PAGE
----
US6299590Jan 6, 1999Oct 9, 2001Boston Scientific CorporationImplant, and method and device for inserting the implant
US6589199Mar 29, 2000Jul 8, 2003Boston Scientific CorporationSystem for implanting a cross-linked polysaccharide fiber and methods of forming and inserting the fiber
US6629947Jun 11, 1999Oct 7, 2003Boston Scientific CorporationSystems and methods for delivering flowable substances for use as implants and surgical sealants
US8177760May 12, 2004May 15, 2012C. R. Bard, Inc.Valved connector
US8231601 *Jan 26, 2007Jul 31, 2012Matthew Dickson ReavillLong catheter infusion insertion method and apparatus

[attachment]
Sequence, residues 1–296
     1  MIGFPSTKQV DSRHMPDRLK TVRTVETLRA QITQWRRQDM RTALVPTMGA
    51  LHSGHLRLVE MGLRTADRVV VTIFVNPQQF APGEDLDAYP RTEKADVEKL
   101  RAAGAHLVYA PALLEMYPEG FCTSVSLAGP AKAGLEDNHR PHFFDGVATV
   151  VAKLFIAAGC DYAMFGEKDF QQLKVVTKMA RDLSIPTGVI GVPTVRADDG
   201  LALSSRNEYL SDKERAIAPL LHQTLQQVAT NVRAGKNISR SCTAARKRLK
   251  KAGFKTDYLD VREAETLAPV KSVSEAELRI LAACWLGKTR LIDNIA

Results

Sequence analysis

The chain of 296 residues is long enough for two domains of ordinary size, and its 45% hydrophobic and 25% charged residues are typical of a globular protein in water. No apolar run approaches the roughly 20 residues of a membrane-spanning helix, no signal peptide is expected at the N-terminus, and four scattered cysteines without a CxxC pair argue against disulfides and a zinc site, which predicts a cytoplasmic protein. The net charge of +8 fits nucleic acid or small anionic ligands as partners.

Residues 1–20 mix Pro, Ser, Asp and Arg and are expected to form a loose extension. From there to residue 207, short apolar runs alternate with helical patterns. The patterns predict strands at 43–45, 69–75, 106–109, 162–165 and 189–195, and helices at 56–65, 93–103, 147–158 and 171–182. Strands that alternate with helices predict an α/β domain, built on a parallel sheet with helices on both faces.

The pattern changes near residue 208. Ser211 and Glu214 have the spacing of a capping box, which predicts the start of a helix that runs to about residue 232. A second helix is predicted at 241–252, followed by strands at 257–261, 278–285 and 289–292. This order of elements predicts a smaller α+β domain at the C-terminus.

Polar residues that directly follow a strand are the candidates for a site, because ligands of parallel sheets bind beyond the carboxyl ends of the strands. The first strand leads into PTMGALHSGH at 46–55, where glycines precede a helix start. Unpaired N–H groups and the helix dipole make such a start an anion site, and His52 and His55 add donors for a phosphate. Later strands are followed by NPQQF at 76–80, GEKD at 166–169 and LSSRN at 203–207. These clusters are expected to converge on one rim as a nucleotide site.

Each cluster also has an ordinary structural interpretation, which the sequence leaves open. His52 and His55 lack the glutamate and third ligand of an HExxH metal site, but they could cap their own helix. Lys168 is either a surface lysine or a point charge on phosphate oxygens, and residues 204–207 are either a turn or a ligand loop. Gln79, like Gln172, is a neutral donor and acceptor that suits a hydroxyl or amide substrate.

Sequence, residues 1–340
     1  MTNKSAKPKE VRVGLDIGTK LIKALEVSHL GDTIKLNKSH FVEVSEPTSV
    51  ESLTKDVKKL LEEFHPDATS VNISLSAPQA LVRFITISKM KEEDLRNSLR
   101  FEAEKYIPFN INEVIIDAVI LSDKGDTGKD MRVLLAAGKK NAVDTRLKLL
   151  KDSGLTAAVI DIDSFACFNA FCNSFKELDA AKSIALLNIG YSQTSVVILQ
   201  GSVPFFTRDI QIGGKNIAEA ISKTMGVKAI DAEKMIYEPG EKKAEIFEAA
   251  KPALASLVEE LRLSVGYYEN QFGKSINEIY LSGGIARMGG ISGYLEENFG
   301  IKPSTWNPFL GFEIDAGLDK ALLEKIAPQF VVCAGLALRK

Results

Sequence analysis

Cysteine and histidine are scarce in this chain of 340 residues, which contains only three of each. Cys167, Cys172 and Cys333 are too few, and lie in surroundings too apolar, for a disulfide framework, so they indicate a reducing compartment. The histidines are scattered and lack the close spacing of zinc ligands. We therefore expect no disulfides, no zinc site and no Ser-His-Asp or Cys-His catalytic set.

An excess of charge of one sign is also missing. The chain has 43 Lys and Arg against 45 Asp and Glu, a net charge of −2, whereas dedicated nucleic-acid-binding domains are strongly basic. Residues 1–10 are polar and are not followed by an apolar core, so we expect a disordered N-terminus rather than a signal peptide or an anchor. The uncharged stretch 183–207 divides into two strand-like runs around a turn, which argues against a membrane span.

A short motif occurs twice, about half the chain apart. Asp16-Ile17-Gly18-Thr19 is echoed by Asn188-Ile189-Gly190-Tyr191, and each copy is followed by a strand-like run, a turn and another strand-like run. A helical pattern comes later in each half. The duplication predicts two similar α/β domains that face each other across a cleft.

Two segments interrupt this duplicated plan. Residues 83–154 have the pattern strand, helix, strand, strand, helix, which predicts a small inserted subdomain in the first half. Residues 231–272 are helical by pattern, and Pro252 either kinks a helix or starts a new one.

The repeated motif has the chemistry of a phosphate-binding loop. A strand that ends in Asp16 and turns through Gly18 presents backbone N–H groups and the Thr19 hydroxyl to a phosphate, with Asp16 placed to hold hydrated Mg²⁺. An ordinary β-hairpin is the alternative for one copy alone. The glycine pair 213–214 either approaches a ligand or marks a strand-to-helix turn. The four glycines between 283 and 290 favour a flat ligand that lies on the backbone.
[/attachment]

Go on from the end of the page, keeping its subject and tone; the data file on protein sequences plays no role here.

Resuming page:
US8323208May 6, 2010Dec 4, 2012Timothy Taylor DavisNeurologic monitoring system and method
WO1981001795A1 *Oct 16, 1980Jul 9, 1981Sherwood Medical Ind IncInjectable catheter and method of placing same
WO1999011191A1 *Aug 19, 1998Mar 11, 1999Boston Scient CorpSystem for implanting a cross-linked polysaccharide fiber and methods of forming and inserting the fiber
Classifications
U.S. Classification604/159
International ClassificationA61M25/01
Cooperative ClassificationA61M25/0122
European ClassificationA61M25/01C6